In my last Views from the Chair column, I concluded that “the times, they are a-changing,” and we need to be changing with them. That is particularly true as we begin 2019, with the Democrats in control of the House of Representatives and possible personnel changes within the Trump administration.
It is still too early to tell what the midterm elections may mean for environmental, energy, and resources practitioners, but it is anticipated that the next two years will be compelling. The House is likely to initiate some investigations and to bring renewed attention to issues such as climate change and infrastructure. We also know that the courts have reversed some Trump administration rulemakings on the grounds of failure to follow the Administrative Procedure Act. So, the next two years promise to be as turbulent as the past two.
As a Section member, your membership keeps you on top of these fast-paced developments with information provided by our publications, website, and committee and Section-level programming.
In early 2019, watch for the Winter 2019 issue of Natural Resources & Environment on the theme of “Forests” as well as new substantive articles being published on our committee webpages.
Also, the Section will be launching a “SEER Essentials” CLE webinar series geared toward younger lawyers or general practitioners who want or need to know more about fundamental areas of environmental, energy, or resources law such as the Clean Water Act, environmental due diligence, TSCA, pesticides regulation, enforcement, and NPDES permitting. Keep an eye out for notices about these webinars.
And mark your calendar for the 2019 Water Law (March 25–27, 2019) and Spring Conferences (March 27–29, 2019) in Denver. Both conferences will feature thought leaders and decision-makers at the federal, state, and local levels as well as excellent networking opportunities. Plan to attend!
In addition to the Section activities described above, I would like to update you on other important Section and ABA endeavors.
After a number of hiccups, the new ABA website is now up and running, as is SEER Connect, which will be the communications vehicle for our Section going forward. We trust that you have had an opportunity to familiarize yourself with the new website and with SEER Connect. Please let Norm Dupont or Zoya Ali know if you are experiencing any difficulties using these new platforms, because they would be happy to offer additional training or support. We are beginning to see committees use SEER Connect, which is fantastic.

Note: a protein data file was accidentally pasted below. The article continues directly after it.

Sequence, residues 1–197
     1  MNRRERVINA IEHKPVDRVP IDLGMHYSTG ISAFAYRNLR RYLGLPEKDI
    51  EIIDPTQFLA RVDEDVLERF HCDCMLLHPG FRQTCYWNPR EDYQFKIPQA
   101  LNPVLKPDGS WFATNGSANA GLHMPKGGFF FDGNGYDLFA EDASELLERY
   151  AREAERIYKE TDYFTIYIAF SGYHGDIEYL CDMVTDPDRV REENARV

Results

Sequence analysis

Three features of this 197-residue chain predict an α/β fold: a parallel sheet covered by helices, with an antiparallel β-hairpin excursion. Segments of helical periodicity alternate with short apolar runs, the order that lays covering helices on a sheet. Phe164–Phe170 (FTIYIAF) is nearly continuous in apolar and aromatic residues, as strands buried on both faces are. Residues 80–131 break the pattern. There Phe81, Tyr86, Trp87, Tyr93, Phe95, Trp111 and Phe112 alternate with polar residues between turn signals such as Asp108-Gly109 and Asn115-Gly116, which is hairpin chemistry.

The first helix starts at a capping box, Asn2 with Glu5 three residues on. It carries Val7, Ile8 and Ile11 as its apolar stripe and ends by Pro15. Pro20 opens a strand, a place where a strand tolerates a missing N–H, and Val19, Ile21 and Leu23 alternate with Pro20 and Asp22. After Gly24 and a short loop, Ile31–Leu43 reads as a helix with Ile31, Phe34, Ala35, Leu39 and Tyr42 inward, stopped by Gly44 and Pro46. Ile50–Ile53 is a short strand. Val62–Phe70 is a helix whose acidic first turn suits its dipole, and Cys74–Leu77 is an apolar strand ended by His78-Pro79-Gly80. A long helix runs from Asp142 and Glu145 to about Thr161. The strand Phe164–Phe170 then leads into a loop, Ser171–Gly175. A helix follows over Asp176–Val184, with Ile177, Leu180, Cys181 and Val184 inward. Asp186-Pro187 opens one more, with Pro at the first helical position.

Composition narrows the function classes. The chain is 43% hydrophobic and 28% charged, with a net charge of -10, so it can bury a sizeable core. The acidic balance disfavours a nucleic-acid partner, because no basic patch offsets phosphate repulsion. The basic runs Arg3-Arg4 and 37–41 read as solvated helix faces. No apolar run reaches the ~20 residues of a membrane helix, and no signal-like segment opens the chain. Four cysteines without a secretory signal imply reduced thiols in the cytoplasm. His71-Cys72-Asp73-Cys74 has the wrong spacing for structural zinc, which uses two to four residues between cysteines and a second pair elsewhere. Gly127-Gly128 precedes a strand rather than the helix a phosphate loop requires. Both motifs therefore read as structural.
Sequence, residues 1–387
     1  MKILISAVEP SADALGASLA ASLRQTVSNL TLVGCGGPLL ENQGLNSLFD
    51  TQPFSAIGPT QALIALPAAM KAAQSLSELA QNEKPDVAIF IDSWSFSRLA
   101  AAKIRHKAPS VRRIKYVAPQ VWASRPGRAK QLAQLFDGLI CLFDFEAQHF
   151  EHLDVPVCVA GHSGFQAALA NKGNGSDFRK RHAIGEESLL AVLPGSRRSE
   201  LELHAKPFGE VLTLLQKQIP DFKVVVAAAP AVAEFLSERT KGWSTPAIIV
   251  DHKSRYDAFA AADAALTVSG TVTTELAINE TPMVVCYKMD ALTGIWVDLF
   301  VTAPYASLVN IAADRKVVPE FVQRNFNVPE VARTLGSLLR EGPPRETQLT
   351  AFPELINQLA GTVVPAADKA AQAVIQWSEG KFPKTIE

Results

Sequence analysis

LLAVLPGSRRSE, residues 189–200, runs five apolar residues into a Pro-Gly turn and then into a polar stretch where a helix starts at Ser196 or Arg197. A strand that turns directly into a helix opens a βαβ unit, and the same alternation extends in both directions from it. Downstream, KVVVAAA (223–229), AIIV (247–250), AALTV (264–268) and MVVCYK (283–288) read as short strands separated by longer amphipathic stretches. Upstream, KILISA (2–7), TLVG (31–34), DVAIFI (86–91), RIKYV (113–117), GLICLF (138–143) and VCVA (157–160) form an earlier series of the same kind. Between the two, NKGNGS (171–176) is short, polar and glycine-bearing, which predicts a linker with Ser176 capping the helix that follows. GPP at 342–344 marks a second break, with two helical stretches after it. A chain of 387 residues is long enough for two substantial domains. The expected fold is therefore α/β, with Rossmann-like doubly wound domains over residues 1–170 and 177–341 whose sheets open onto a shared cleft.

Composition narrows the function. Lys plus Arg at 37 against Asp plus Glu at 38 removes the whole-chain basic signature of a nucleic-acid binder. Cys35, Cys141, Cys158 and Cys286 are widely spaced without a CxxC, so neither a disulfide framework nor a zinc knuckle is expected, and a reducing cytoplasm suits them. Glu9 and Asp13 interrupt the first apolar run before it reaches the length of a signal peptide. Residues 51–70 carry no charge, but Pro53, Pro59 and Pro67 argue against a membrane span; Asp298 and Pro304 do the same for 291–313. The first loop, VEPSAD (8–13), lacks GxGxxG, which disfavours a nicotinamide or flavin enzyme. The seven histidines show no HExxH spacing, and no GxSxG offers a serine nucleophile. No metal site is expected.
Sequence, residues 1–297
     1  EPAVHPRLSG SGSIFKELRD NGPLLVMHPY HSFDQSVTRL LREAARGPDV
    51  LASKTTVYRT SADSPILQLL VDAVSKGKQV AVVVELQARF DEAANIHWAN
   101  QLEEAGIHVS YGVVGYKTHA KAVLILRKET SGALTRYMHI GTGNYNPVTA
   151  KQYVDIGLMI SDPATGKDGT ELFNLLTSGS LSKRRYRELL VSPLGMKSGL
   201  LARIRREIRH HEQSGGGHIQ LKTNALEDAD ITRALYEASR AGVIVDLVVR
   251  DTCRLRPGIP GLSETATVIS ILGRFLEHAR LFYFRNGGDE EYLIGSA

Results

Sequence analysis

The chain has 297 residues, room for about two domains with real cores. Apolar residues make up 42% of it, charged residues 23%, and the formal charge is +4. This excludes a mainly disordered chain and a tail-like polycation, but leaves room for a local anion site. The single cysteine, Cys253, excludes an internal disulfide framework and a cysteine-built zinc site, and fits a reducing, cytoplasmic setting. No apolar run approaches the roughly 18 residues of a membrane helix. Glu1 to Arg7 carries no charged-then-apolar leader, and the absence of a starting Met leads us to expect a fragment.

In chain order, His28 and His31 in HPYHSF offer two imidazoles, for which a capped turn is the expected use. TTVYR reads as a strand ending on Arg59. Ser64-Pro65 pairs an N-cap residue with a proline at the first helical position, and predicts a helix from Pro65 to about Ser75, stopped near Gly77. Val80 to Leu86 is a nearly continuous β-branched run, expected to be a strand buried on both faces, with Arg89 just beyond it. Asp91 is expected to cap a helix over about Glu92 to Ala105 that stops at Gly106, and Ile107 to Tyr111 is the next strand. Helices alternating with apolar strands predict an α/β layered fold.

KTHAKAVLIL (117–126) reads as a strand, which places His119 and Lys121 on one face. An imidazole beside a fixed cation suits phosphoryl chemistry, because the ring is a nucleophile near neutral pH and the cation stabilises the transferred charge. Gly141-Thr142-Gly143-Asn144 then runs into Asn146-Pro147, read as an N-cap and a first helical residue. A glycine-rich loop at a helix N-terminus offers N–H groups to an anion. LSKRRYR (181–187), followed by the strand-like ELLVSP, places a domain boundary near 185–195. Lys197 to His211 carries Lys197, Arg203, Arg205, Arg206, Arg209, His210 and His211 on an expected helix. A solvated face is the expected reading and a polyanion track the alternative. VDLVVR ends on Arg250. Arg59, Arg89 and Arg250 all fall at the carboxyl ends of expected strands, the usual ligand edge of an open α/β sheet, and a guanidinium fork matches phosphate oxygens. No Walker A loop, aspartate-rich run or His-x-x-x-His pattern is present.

We continue our Section membership outreach efforts and hope you will help us! Have you spoken with young lawyers and colleagues about the substantially reduced rates and increased membership benefits that will be available to them starting September 2019 under the ABA’s New Membership Model? Now is the time to begin spreading the word. You are our best salesperson! Let Jeff Dennis, our membership officer, and his team of regional captains know how they can help you spread the word about the enhanced benefits and reduced rates available under the New Membership Model. Let them know about individuals you know who should become members of our Section. With your help, we can grow the Section’s membership significantly over the next several months. The New Membership Model truly offers substantial benefits, particularly for younger lawyers, lawyers in small firms, government lawyers, academics, foreign lawyers, and nonprofit lawyers.
We also continue our outreach to outside organizations. This past October at the Section’s 26th Fall Conference in San Diego, Alexandria Pike, chair of National Environmental, Energy, and Resources Law Section (NEERLS) of the Canadian Bar Association, gave an insightful presentation on the status of pipeline projects in Canada, while in November, SEER chair-elect Karen Mignone spoke about the Trump administration’s environmental policies at NEERLS’ Department of Justice (DOJ) Day Conference in Ottawa, Canada. These efforts are examples of a well-established relationship between the environmental bar sections of both countries.
Alf Brandt has been reinvigorating the Outreach Committee and is encouraging Section members who would be interested in being a subject matter resource to our Congressional Relations Committee to contact that committee’s co-chairs Martha Marrapese and Emily Fisher.
Guidelines on Section Public Positions
At our Fall 2018 Council meeting, the Council approved “Guidelines on Section Public Positions” (Guidelines). These Guidelines attempt to clarify the process that our Section must follow if it would like to be more vocal on a given issue as a Section. In most instances, there must be a House of Delegates (HOD)-adopted resolution on the issue. After HOD adoption, a Resolution becomes ABA policy.
Currently, there are several HOD resolutions being drafted by ABA entities. For example, our Section intends to propose an update of the ABA policy on climate change (08M 109) that was adopted by the HOD in 2008. We hope to have a resolution adopted at the 2019 ABA Annual Meeting in San Francisco. The ABA Section of Administrative Law is working on a resolution for HOD consideration that addresses the role of science in environmental decision-making. Our Section has expressed interest in supporting this effort. There may be other potential issues for resolutions as we enter the second 50 years of modern environmental law. Section members interested in knowing more about the Guidelines or with an interest in specific issues should contact Roger Martella or Lee Paddock.
As always, please reach out to me with any questions or concerns regarding the Section. Best wishes for 2019!